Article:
June 18th, 2017 marked five years since my sister died. August 3rd, 2017 marked five years since I moved abroad. I had no idea what I was doing, I was mourning the loss of my sister, and I was heading to a continent I had never been to so I could live in a country I knew very little about and start my very first year of teaching. To say there were questions, to say I was confused, to say I was overwhelmed, is a massive understatement.
Five years on from such a great loss and such a great change, and it seems unimaginable and terrifying to leave when I did- I have no idea just how it formed and affected me as I was grieving and simultaneously leaving everyone and everything I knew. I remember thinking that there was no way I could leave for Albania a little over a month after her funeral. But I did, because in the end I knew that there would be no right answer either way, and that leaving or staying, she was already gone. I knew for certain she wouldn't have wanted me to stay for her, when she wasn't there.
So I carried her with me across the ocean and grieved my way through that trip and the next year in Albania. I wrote about her, over and over, and wrote to her, and cried for her, and spent untold hours just sitting and thinking about who she was and how much I missed her. In some ways, in eerie and spiritual ways, she was my closest companion even as I grieved that she was gone. Away from home and family, when I turned to memories and tears and sinking feelings of loss, she was also, even in the form of a memory, the one who comforted me, who understood the loss of that family bond. It was, in this way, that I grieved my way with her, about her, and into a place I came to again and again, that I carried her, and carry her now, always.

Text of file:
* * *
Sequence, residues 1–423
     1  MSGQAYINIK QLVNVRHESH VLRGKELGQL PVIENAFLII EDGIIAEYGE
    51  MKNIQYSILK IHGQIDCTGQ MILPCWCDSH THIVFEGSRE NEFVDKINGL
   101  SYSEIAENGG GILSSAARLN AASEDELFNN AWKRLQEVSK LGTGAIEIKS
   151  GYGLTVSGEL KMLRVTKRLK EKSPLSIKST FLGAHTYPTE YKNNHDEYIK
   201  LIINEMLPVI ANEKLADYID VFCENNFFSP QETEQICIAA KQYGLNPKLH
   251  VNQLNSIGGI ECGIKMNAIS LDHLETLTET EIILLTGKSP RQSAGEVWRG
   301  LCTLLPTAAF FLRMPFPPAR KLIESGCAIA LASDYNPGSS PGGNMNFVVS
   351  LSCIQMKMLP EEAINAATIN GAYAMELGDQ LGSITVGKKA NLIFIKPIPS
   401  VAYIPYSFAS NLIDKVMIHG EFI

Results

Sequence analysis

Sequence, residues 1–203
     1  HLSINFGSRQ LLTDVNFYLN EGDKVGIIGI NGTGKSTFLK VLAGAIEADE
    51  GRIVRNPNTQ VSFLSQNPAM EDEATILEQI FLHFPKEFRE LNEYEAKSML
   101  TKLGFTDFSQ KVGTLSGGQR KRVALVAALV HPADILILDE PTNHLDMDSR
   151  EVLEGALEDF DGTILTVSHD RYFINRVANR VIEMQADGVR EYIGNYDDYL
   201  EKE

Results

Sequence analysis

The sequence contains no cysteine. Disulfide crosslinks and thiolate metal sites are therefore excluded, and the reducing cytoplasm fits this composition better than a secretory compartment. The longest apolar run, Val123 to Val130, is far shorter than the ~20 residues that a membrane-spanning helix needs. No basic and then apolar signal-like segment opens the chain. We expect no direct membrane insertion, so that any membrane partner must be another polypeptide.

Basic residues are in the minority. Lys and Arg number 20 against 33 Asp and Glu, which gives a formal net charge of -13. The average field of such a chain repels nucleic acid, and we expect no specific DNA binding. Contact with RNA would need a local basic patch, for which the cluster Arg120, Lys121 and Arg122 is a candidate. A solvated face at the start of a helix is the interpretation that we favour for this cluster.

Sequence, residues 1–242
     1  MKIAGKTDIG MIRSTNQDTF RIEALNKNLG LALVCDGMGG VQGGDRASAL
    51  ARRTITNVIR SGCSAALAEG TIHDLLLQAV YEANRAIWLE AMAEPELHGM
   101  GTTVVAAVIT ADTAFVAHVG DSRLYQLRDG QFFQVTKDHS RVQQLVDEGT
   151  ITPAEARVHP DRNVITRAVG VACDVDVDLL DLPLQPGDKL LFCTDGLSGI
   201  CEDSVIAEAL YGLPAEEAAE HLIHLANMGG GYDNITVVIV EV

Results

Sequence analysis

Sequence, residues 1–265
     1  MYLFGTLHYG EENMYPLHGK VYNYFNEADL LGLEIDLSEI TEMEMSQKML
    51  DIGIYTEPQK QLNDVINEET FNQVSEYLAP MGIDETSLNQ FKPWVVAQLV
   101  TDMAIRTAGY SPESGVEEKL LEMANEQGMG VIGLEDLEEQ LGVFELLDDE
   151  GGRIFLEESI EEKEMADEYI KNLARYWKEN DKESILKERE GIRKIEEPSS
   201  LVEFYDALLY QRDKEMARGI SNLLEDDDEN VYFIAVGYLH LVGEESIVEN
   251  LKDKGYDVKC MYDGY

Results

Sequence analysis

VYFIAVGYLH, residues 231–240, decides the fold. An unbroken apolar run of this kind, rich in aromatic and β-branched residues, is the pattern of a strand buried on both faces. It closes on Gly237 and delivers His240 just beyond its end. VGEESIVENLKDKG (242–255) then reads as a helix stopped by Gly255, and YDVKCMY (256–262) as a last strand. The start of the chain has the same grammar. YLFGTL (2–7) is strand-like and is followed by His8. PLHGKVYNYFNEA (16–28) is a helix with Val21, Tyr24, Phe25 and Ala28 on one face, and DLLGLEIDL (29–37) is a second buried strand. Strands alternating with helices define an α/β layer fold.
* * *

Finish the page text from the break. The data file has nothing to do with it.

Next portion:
I wrote the following passage about my sister a year after her death. Re-reading it on the fifth year since she passed I don't feel quite this way anymore. It's all still true, and I still feel it this viscerally at times and in some ways, but the feeling of carrying the absence has become less of a noticeable and painful burden. I think it's because I have gotten to used to the weight and space it occupies in me. This is where grief ends up in you, in the bodily record of loss. It doesn't get any easier to lose a sister. It never becomes ok. You simply learn to work with that reality. If that means you can go stretches of time without pain or sadness because you have grown accustomed to bearing the absence, it also means that sometimes you will be walking through a grocery store and hear the song played at her funeral and suddenly there are tears running down your face. It comes and goes, and when it comes you are more prepared than the time before. No amount of years will ever undo the wish for more time, but at least now, when I reflect on the time we did have together, the memories can bring me the joy of remembrance for what we had, instead of the pain of the loss of what we can never have now. I think Heather would be happy to know that five years since her death and four years since I wrote these words, I don't feel so carved and cut these days. Her name and face are her own again in my memories.
For My Sister